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Mike Bloomberg: Money, Power, Politics
By Joyce Purnick
Just about no one imagined that the little Jewish kid from Medford, Massachusetts, the nerdy president of the Slide Rule Club who didn't even make his high school's honor society, would grow up to be Michael Bloomberg. The self-made billionaire who designed a must-use data system for Wall Street investors. And the mayor of the Big Apple, elected three times by New Yorkers who never really warmed to him.
In Mike Bloomberg, Joyce Purnick, a veteran journalist who has covered six mayors for the New York Post, The New York Times and New York magazine, tries to understand "the small, graying man with a few too many slightly bucked teeth," at once bold and bland, incapable of making a moving speech, who became a financial, philanthropic and political force to be reckoned with.
She has set herself a difficult task. An aggressively private person, she writes, Bloomberg has seen to it that decoding his finances "is a little like struggling with a jigsaw puzzle that is missing many pieces." Although he's one of the most generous philanthropists in the United States, Bloomberg has never revealed the complete details of his charitable activities. And as a politician, the Democrat turned Republican turned Independent is "unusually and insistently opaque." Although the mayor granted Purnick seven one-hour interviews, he "did not welcome the project." And, it appears, the men and women she interviewed were not intimates - or did not open up. Consequently, her book is informative and judicious, but tentative and, at times, a bit thin.
Purnick doesn't really explain why - and how - Bloomberg News succeeded so spectacularly, when other organizations, like Reuters, had access to the same data. She simply says that he focused on "storing and manipulating information to improve traders' calculations," was hungrier than his competitors and that "his company was small, quick on its feet, able to pursue the vision of one financial daredevil, not of a bureaucratic executive board."
Purnick does provide a fascinating look at Bloomberg the improbable politician. She demonstrates that but for 9/11, he would have lost his first mayoral race to Democrat Mark Green in 2001. She reveals details of his covert, "non-campaign campaign" for the presidency of the US in 2008. And she walks us through his decision to reverse himself on term limits so that he could run again in 2009. His inner voice must have told him, she guesses, that public life was more thrilling than making money or giving it away - and that "he loved the attention, the applause, the deference, the spotlight."
As mayor, Purnick indicates, Bloomberg has had some notable failures. His Hudson Yards Master Plan, whose centerpiece was a multiuse facility with a retractable roof, to lure the New York Jets football team back to New York and accommodate trade shows and conventions, ran afoul of Sheldon Silver, speaker of the New York State House of Representatives, who wanted resources allocated to his constituency in downtown New York. And PlaNYC 2030, his ambitious proposal to reduce pollution, improve mass transit and reclaim abandoned industrial land by charging drivers a fee to bring their cars into midtown Manhattan, never made it to the Assembly floor.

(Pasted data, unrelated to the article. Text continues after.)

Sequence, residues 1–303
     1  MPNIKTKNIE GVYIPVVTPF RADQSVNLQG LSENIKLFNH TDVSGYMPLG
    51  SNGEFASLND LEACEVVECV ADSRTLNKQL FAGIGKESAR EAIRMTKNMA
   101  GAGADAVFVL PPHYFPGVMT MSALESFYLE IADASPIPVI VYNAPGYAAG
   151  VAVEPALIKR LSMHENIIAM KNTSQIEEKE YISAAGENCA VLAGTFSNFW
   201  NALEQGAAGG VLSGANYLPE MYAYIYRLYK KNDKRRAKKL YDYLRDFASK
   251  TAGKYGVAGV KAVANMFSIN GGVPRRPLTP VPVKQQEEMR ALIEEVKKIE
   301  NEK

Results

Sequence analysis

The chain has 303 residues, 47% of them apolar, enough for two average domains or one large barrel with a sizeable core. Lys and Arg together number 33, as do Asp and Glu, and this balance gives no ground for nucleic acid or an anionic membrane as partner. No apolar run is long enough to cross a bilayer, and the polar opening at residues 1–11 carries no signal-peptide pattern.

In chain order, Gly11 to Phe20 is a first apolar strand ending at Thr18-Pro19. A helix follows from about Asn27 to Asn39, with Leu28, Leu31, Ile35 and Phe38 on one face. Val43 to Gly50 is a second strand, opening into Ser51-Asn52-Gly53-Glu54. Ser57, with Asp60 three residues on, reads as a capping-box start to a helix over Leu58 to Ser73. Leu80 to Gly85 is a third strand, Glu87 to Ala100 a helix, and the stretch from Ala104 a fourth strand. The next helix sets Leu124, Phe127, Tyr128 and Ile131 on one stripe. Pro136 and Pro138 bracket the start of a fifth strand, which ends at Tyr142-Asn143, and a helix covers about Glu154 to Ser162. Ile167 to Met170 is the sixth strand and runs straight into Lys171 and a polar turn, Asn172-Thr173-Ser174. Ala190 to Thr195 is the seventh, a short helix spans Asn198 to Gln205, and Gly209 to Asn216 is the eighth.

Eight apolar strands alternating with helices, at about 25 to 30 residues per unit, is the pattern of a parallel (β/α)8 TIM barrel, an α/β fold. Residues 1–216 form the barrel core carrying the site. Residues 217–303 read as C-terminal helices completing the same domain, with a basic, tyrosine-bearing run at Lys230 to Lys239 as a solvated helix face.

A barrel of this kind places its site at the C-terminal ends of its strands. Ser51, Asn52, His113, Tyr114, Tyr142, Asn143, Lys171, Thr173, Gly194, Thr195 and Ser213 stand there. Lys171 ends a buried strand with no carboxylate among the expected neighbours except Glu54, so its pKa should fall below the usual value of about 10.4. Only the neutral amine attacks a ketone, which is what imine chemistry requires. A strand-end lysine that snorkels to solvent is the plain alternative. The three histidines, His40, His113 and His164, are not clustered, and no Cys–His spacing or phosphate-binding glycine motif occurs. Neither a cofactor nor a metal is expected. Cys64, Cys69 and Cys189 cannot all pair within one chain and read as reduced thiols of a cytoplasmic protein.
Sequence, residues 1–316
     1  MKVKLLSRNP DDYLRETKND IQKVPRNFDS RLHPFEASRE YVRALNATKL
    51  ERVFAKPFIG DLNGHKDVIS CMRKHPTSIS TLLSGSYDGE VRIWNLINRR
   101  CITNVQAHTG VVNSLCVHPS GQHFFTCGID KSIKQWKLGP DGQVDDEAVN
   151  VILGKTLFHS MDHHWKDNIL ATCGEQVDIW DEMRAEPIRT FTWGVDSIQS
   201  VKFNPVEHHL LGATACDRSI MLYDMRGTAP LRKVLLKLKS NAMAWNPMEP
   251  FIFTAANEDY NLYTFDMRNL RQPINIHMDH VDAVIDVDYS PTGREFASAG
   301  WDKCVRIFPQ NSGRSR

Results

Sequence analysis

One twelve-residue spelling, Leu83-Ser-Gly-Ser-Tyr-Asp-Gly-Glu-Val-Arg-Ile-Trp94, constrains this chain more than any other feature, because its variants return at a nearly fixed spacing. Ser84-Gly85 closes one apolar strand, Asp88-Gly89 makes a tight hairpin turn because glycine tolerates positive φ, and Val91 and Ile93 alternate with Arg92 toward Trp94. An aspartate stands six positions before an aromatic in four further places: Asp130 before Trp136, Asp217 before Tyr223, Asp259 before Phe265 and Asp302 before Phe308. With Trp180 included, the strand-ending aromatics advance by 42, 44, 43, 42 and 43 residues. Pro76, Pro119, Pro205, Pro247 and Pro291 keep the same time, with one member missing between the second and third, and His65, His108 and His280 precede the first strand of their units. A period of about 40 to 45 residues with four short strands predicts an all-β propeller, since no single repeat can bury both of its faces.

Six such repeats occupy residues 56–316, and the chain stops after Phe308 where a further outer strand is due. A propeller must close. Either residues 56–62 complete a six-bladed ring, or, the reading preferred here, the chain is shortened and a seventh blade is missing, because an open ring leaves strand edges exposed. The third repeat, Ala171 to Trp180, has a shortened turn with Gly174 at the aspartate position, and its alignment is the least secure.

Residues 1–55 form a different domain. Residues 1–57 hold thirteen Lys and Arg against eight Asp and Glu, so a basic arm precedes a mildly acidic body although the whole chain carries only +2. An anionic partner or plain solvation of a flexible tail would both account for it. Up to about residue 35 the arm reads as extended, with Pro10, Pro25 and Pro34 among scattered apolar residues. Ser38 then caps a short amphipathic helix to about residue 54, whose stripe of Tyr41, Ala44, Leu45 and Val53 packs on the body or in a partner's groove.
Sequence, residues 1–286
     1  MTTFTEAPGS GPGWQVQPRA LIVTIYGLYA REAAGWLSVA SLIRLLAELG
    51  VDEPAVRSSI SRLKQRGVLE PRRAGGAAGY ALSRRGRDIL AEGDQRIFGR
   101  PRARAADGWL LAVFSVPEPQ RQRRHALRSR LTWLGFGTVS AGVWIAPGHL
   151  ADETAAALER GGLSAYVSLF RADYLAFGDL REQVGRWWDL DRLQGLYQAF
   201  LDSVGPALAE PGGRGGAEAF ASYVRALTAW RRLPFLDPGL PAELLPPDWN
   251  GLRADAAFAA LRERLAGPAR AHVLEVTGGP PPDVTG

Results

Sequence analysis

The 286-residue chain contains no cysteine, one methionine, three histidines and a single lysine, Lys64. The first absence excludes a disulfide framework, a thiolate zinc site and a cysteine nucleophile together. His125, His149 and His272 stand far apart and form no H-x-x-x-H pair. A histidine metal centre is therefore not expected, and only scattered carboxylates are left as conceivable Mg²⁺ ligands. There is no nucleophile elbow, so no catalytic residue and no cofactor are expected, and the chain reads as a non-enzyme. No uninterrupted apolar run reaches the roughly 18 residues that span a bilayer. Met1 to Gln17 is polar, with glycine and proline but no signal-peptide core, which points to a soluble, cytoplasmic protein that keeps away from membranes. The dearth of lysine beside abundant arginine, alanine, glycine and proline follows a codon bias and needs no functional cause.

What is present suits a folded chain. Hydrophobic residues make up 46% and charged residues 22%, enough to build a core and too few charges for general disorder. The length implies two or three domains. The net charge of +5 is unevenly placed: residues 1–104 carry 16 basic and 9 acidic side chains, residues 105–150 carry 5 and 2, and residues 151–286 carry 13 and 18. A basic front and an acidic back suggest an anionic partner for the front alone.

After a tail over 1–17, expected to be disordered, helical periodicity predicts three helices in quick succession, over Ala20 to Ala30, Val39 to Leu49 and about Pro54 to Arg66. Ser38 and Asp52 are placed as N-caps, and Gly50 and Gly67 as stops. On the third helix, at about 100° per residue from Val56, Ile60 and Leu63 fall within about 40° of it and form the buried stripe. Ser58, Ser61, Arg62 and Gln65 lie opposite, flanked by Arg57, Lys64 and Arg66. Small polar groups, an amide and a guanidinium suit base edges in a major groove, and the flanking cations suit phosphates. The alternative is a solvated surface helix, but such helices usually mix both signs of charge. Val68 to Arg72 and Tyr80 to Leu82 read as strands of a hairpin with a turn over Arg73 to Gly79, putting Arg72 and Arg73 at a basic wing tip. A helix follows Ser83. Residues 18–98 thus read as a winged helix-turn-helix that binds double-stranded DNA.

Nonetheless, she writes, he's been a "flexible risk taker," summoning skill and will to govern a city once thought to be ungovernable "not with dramatics, but with ideas." After 9/11 he had the guts to raise taxes and borrow heavily. When the city recovered, he put billions aside for the rainy day that has already arrived. And as architect of the most massive rezoning in New York in 40 years, he paved the way for a boom in construction and real estate.
By all accounts Bloomberg's signature achievement has been reform of the public schools, heretofore the third rail for New York City politicians. He persuaded the state legislature to wrest control from a balkanized Board of Education and invest authority in the mayor. He appointed Joel Klein, "a blunt hard-charging Washington lawyer," as school chancellor and stuck with him when Klein challenged the status quo and the teachers' union.
Their battle against "the culture of excuses" has already produced results. The schools are safer. The test scores of city students in reading and math - and graduation rates - have risen sharply. And the racial gap in academic performance is closing.
Although she insists that public schools did not improve as much as Bloomberg claims they did, Purnick acknowledges that the progress has been dramatic. Equally important, she adds, by making education a direct mayoral responsibility, Bloomberg has made it far more likely that it won't be shortchanged again.
Neither a native New Yorker nor a natural pol, Bloomberg nonetheless has found ways to help New Yorkers rediscover - and recover - their confidence, and at times, their swagger. For better and worse, he proved that he could be one of them and one of a kind. "It's a good bet," Purnick concludes, that there will never be another mogul-mayor like Bloomberg. Which, she suspects, "suits him just fine."
The writer is the Thomas and Dorothy Litwin Professor of American Studies at Cornell University.